How you can help clients face their biggest risk

How you can help clients face their biggest risk | Insurance Business

How you can help clients face their biggest risk
A recent Aon survey found that damage to reputation and brand was the top-ranked risk facing businesses globally.

The 2017 Global Risk Management Survey, which questioned 1, 843 respondents, found that reputation damage was a more pressing concern for businesses than cybercrime, political risk and economic factors.

While there are some insurance products currently available that can help to mitigate brand and reputational risk, Jason Disborough, CEO, multinational accounts at Aon Risk Solutions, said that businesses and brokers should look at existing policies to see if they are covered for brand or reputational risks.

“Senior leaders must have an understanding of their existing policies and what they are already covered for,” Disborough told Insurance Business.

“By having this level of understanding, companies may be able to ensure that their insurance coverage is tailored to their specific needs and that brand and reputational events are in fact adequately insured.”

Disborough noted that brand and reputation risk could be considered a consequential risk as it is often triggered by a crisis event linked to another risk.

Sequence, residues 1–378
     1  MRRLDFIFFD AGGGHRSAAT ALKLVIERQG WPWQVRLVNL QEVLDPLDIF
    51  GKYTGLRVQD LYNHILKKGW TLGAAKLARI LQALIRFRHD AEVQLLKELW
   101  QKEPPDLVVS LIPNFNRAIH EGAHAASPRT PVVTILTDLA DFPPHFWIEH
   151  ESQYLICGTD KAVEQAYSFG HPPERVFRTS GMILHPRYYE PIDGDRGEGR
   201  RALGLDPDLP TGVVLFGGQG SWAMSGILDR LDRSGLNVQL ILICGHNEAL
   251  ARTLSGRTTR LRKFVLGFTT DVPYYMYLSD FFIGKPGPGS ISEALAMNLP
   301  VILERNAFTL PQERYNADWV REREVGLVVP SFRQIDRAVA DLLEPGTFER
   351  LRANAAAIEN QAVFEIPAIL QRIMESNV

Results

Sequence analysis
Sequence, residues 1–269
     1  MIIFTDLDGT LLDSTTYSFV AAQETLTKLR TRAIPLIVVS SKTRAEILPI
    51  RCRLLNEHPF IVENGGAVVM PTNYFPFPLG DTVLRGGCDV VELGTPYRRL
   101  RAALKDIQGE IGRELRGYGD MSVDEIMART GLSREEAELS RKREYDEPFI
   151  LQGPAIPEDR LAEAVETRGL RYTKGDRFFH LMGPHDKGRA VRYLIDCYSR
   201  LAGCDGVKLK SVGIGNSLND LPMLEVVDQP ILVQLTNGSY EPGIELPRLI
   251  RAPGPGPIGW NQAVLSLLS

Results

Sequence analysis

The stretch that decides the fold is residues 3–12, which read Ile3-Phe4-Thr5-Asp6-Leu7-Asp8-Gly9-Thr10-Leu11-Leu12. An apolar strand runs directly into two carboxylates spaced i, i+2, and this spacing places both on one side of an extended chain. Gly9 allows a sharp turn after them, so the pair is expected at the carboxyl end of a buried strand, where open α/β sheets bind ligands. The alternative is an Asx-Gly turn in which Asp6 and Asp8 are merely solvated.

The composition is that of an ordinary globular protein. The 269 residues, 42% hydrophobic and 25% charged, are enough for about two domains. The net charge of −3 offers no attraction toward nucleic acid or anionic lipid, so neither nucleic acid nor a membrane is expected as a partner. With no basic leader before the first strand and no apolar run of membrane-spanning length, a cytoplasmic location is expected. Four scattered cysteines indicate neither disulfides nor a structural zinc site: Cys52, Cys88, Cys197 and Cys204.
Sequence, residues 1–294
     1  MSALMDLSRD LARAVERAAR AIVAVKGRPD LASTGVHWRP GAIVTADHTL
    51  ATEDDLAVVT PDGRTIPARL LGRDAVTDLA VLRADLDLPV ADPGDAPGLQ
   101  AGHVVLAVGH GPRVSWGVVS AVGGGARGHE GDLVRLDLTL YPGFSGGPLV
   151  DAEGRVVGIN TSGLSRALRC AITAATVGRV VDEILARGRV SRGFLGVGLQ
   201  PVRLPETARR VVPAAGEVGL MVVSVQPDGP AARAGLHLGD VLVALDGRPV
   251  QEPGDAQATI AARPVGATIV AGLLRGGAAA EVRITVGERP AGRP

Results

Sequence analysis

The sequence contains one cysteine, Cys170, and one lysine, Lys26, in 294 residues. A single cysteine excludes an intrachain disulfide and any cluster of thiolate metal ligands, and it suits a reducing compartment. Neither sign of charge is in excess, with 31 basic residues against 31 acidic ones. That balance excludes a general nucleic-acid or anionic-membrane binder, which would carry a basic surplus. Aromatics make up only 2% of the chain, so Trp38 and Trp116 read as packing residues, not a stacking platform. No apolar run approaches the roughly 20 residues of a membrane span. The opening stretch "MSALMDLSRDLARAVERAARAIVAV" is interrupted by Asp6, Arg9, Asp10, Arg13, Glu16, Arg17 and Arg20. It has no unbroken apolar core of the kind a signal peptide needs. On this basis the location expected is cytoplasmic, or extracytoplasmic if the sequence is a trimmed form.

Aon’s research found that, globally, only 51% of businesses have a plan linked to a reputational risk event while two thirds of Australian firms have prepared and reviewed the risk.

To prepare effectively, brokers should advise businesses that identification of internal and external vulnerabilities is key as this will allow a focus on specific areas of exposure.

As modern business continues to take shape online, brand and reputation becomes much more important.

Social media is a key element to understanding and containing brand and reputational risk, Disborough said, as the use of social media can play an important role in determining the ultimate outcome of a brand or reputational crisis.

“Having a strong grasp and understanding of social media channels allows organisations to not only monitor sentiment in real-time but also to participate in a two-way dialogue about unfolding situations, which often can involve sensitive or fragile situations,” Disborough continued.

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